Msmoto, mod
  • rmprmp Posts: 520Member
    When I am serious, I use the A mode. I use the P mode as my default setting. Then when I make a snap shot, at least I get something. I do believe the P mode is "smart" and getting "smarter" with each generation. A knowledge base of 30,000 photos is a pretty through reference. I also like to use the P mode as a snap shot for reference settings before I go to the A mode for final "artistic" settings. And, Yes, I love auto-ISO.
    Robert M. Poston: D4, D810, V3, 14-24 F2.8, 24-70 f2.8, 70-200 f2.8, 80-400, 105 macro.
  • JohnJohn Posts: 134Member
    I could be wrong (or remembering incorrectly) but the technical information that I read (by Thom Hogan and Nikon) stated that the 30000 images knowledge base are used for the exposure calculations. (Which works wonderful in most situations)
    P mode is a very simple reference table that just gives you an aperture/shutter speed combination based on the exposure value measured by the internal light meter.

    So exposure value (= light amount) X will always result in aperture Y and shutter speed Z; no matter the subject, lens focal length, movement of the subject,...

    Al least that's how I understood it.
  • ElvisheferElvishefer Posts: 329Member
    Perhaps an evolved P mode would be something like the Lytro camera?

    That would be neat. Instead of averaging a scene, the camera would try to capture all the possibilities.

    Example: find a face in a photo -> focus on the face -> capture a frame with a small aperture and associated speed/iso -> take the same shot with a large aperture -> maybe take a few brackets of each -> look for other recognizable subjects in the photo -> rinse and repeat.

    A tech-heavy solution today, but perhaps not in a few years.

    As corelli says, more processing power, more memory more speed... a lot becomes possible that would have been laughed at as impossible a few years ago.
    D700, 70-200mm f/2.8 VRII, 24-70mm f/2.8, 14-24mm f/2.8, 50mm f/1.4G, 200mm f/4 Micro, 105mm f/2.8 VRII Micro, 35mm f/1.8, 2xSB900, 1xSB910, R1C1, RRS Support...

    ... And no time to use them.
  • AdeAde Posts: 1,071Member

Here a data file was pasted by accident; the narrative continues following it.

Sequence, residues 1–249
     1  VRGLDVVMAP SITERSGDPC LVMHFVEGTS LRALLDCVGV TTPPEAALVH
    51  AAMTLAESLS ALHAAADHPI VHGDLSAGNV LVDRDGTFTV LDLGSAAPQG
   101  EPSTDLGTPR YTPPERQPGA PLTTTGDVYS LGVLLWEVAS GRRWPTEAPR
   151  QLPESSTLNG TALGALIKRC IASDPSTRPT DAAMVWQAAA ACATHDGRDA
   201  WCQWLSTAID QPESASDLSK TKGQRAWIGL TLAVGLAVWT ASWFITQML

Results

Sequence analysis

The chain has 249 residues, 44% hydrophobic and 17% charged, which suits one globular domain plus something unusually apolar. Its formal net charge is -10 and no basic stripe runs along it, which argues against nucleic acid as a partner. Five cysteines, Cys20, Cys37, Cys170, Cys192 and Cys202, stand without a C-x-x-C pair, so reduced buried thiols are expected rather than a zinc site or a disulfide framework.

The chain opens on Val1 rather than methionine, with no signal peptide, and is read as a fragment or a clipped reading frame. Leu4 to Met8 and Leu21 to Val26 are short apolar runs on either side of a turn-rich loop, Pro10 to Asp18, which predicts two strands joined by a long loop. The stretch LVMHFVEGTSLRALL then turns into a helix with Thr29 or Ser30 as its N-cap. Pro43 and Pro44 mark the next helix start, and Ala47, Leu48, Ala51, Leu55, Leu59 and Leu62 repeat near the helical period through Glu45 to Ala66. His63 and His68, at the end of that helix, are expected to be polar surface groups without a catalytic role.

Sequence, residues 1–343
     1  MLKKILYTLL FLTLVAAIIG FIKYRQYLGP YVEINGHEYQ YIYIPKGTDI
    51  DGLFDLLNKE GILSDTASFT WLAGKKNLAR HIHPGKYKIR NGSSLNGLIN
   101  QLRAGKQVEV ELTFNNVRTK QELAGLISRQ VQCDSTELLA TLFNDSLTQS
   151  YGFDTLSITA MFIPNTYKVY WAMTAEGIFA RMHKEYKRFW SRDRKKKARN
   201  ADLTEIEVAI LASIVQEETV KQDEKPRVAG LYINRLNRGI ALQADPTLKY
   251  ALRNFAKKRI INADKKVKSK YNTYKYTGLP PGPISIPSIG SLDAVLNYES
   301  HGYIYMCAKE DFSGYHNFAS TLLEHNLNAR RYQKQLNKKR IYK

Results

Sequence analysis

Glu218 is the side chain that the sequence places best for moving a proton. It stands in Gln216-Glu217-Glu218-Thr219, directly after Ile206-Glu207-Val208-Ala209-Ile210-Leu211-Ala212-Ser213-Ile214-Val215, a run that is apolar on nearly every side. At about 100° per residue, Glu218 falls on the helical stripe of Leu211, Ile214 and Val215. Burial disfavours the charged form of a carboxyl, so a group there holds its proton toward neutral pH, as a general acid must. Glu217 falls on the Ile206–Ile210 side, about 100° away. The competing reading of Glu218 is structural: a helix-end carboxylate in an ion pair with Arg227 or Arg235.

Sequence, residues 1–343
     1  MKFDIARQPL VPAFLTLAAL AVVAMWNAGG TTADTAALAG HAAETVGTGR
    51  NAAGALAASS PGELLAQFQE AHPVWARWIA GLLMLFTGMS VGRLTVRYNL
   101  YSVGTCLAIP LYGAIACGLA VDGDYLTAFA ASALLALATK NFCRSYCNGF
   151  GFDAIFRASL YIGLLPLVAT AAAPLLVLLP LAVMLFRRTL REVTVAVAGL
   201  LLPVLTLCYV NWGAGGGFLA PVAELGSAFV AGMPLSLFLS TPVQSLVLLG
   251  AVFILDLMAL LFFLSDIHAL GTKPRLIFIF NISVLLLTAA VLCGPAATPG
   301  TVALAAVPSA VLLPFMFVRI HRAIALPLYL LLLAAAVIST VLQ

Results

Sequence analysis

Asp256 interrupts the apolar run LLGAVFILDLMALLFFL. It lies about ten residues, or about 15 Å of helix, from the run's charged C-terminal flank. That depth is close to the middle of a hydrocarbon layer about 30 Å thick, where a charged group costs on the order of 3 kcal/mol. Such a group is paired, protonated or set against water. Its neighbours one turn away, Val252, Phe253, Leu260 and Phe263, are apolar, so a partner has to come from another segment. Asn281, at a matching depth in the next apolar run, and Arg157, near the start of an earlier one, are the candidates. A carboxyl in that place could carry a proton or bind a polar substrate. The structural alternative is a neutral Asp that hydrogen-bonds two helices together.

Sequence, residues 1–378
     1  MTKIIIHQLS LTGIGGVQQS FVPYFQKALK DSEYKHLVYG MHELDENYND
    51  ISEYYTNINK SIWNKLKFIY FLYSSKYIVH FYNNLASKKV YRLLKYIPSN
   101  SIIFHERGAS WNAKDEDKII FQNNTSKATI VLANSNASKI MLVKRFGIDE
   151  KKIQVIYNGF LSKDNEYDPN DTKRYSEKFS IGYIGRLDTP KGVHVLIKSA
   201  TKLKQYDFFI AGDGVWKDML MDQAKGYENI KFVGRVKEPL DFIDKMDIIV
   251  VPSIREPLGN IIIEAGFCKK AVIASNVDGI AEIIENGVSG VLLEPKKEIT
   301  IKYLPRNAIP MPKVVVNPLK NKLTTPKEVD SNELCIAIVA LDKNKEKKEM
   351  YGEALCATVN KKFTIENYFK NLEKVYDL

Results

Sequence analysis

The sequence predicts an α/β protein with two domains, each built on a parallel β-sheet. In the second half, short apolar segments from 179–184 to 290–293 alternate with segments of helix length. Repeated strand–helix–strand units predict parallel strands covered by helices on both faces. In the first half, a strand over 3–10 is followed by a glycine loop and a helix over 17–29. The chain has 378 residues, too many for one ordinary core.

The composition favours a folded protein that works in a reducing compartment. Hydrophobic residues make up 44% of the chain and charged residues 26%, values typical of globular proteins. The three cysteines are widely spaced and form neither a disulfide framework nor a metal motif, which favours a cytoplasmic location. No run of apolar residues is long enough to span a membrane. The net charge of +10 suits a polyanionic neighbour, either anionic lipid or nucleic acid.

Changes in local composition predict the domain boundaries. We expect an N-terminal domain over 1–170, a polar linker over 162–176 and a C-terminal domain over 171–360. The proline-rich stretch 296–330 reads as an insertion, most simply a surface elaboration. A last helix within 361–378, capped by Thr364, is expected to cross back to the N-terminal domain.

edited April 2013
    I've been using the Lytro for the past year. The Lytro was retrofitted with manual controls via firmware update, which made a big difference.
    Post edited by Ade on
  • Golf007sdGolf007sd Posts: 2,840Moderator
    edited April 2013
    Elvishefer: The most recent bodies released by Nikon have the capabilities in recognizing faces and focusing on them. However, have the sensor/computer within the body to guess as to what the proper f-stop the photographer is trying to shoot at is something I find very challenging for the camera body to accomplish.
    Post edited by Golf007sd on
    D4 & D7000 | Nikon Holy Trinity Set + 105 2.8 Mico + 200 F2 VR II | 300 2.8G VR II, 10.5 Fish-eye, 24 & 50 1.4G, 35 & 85 1.8G, 18-200 3.5-5.6 VR I SB-400 & 700 | TC 1.4E III, 1.7 & 2.0E III, 1.7 | Sigma 35 & 50 1.4 DG HSM | RRS Ballhead & Tripods Gear | Gitzo Monopod | Lowepro Gear | HDR via Promote Control System |
  • mikepmikep Posts: 280Member
    i dont understand P mode at all (except when giving someone else your camera to play with)

    P mode lets the camera chose the aperture, and that is simply a no-go-area as far as i am concerned. whats next? let the camera chose the subject and the framing? ... no, imo you must chose what you want in and out of focus by yourself.

    i usually use aperture priority for day to day stuff, with spot meter, and then choose where to meter off for the desired exposure.

    lastly on the subject of lytro ..... i dont understand this camera at all. if you want selective focus, shoot at f16, and then blur whatever you like in post. small aperture + post is much more powerful than a lytro. but more to the point, what do we end up with? a 100mp lightfield camera that shoots at 100fps? just take the entire scene and select your frame and focus and crop later ?

    at any rate, lytro is still dependent on a lens, i wonder if they could end up making a lensless lightfield camera ? :s im sure the technology has a very long way to go, its interesting to watch, but doesnt appeal to me personally at the moment ... lytro simply doesnt make very good images yet.
  • AdeAde Posts: 1,071Member
    Lytro is an engineering marvel. Selective focus is not the point -- it is just one application of a light-field camera.

    In traditional photography, what we get is a 2-dimensional image, capturing the points where light rays fall on the film or sensor.

    Lytro captures the light rays themselves (conceptually "before" they hit the sensor), in a 4-dimensional representation. So it captures more information than a traditional photograph, subject to resolution limits.

    Having that extra information opens up possibilities we've never had before. Yes, like being able to "refocus" an image. Because we have data about the light rays, we can accurately recompute the focal plane. This is very different from applying "blur" in Photoshop (which almost never looks right).

    The ability to recompute the focal plane has another benefit: macro photography. With a typical macro setup, there is a minimum focus distance and very narrow depth of field (requiring apertures like f/32 and specialized lighting to compensate.) With Lytro, the minimum focus distance is practically zero and the focus field can be recomputed. Amazing!

    Aside from refocusing, we can also take the same light field data and reconstruct a 3-dimensional rendition of the image. That's pretty cool (to me at least).

    With Lytro you don't cede creative control just because you can refocus. You still think about depth-of-field (refocus range), shutter speed and ISO. You still make decisions about lighting, composition, color, etc.